Sometimes when life gets complicated, a new perspective can help

Lynne Hinton’s “The View From Here.”
Lynne Hinton’s “The View From Here.” NewSouth Books

North Carolina author Lynne Hinton explores the familiar territory of forgiveness and community in her new novel, “The View From Here.”

Hinton, the co-pastor of Mount Hope United Church of Christ in Guilford County, has been exploring those timeless themes since her first book, “Friendship Cake,” was published in 2000.

In her newest book, the main character Katie Sinclair climbs up a loblolly pine to see if she could. The forest service worker, who is divorced, stays in the tree to escape from all the things on the ground weighing her down. Perched on top of a tree, she has a larger view of the world; somehow life has become too tedious and small.

Hinton is the author of 21 books, including The New York Times best-seller “Friendship Cake” and “Pie Town.” She penned the mysteries “Swing Low, Sweet Chariot,” and “Jacob's Ladder” using her pseudonym Jackie Lynn. She published “The Art of Arranging Flowers” using the name Lynne Branard. All of the names are variations of her real name Jackie Lynne Hinton. Branard is her married last name.

RAL_ Lynne Hinton
North Carolina author Lynne Hinton explores the familiar territory of forgiveness and community in her new novel, "The View From Here." Courtesy of NewSouth Books

The 56-year-old pastor and author answered a few questions about writing, ministering and the difference between the two. And of course, we discussed all the pen names.

Seeking Higher Ground

Q: What inspired “The View From Here?”

A: I used to walk and run along the irrigation ditches in Albuquerque (New Mexico), where we lived. There were a bunch of beautiful cottonwood trees. I kept finding myself looking up at the cottonwood trees and thought about what it would be like from a different view. How would things look different?

When “Friendship Cake” came out, it was the near the same time a woman climbed up her tree in California and had written a book about it. I knew about Julia Butterfly Hill so I always kept her story in mind. (Hill wrote “The Legacy of Luna: The Story of a Tree, a Woman, and the Struggle to Save the Redwoods.”)

So I knew that people as a means of protest had climbed up trees and lived there. I think I have always been envious of them. I’ve always wanted to live in the tree. I thought that’s where the protagonist of my next book will be.

Quieting the Noise

Q: It seems like lots of people want to escape from all the chaos in the world, police shootings, natural disasters and political madness. Do you think a lot of people want to join your character Katie Sinclair on her perch in the tree?

A: I do. You are right about the escapism, I think people long for that place they can go and not be affected by what’s happening in the world. There’s something old about loving to climb trees. For people who grow up around trees, tree climbing is a part of our childhood. There is also this nostalgia to go back to how it felt as a child, to be up a tree and hiding in your own place.

Q: What lessons are you trying to teach us from Kate’s story? What lessons are we supposed to learn from her?

A: So, I never write intentionally putting lessons in my books…What she can teach us is that sometimes taking ourselves outside of a situation gives us a new perspective. Sometimes that is helpful. The other piece is about forgiveness. I don’t think we can’t live freely if we can’t forgive.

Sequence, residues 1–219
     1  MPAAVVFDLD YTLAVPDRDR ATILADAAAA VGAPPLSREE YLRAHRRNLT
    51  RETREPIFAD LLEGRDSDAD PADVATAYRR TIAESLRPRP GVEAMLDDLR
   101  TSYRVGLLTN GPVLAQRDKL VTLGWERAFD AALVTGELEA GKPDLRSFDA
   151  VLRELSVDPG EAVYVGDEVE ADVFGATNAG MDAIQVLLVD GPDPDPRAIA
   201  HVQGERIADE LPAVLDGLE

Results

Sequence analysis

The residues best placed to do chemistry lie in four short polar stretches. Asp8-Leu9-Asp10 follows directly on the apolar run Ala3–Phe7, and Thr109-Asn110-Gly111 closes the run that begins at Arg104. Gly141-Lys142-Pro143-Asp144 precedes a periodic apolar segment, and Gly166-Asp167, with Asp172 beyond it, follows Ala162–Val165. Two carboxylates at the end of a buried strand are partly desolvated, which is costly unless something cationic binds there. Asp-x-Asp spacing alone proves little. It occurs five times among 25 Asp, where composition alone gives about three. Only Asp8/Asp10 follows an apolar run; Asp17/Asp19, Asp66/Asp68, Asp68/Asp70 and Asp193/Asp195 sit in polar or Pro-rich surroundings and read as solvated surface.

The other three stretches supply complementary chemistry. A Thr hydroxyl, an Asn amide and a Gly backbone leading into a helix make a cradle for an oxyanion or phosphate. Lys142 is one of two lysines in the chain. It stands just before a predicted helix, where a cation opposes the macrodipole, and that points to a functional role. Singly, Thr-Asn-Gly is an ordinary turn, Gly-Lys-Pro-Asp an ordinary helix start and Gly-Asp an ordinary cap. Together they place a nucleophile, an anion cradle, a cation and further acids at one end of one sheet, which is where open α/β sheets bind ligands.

Open your Heart

Q: You are a minister of a United Church of Christ church. How does your faith inform your writing?

A: Forgiveness is certainly a part of our faith tradition. Learning how to forgive, being willing to forgive and asking for forgiveness. Those are all elements of a life in faith that affected this book… my faith walk is a walk to learn how to keep my heart open and find ways to open it even more. So when I write, that influences the stories I tell. I do always hope that by the end of my book, the main character has found a way to open her heart.

Sermons vs. Storytelling

Q: Could you talk about the similarities between sermons and storytelling?

A: There is more freedom in writing fiction than writing a sermon. In sermon writing, I am somewhat aware of my audience, and having that in mind does shape what I write, what I will say.

When I write stories, I have no idea who my audience will be or if I will even have one. That lack of specific information is just one of the reasons I feel freer when writing fiction. There is also the element of needing to have some words of wisdom or exhortation to share when I preach. When I write stories, I feel only two responsibilities, to be true to the character and move the story along.

Choose a Lynne

Q: Why do you use pen names for your various books?

A: That is totally up to the publisher. When a publisher tries to sell a book to a bookseller, the first thing they do is look at the author’s last sales. If they are not very good, with a different name, they don’t look my sales up. They have a better shot to sell more books to the bookseller. The first time I did it, I had two books coming out in a year and they were trying to keep them separate. The mystery book was listed under Jackie Lynn.

Bridgette A. Lacy is a freelance writer and the author of “Sunday Dinner: A Savor the South cookbook” by UNC Press of Chapel Hill. Reach her at bridgettelacy@att.net.


Lynne Hinton will talk about her novel, “The View From Here,” (NewSouthBooks, $25.95) at the following events.

June 5, 7 p.m. Quail Ridge Books, 4209-100 Lassiter Mill Road, in North Hills Shopping Center in Raleigh.

June 30, 2 p.m. McIntyre’s Books, 220 Market Street located in Fearrington Village in Pittsboro.

July 19, 7 p.m. at Flyleaf Books, 752 Martin Luther King Jr. Blvd., Chapel Hill.

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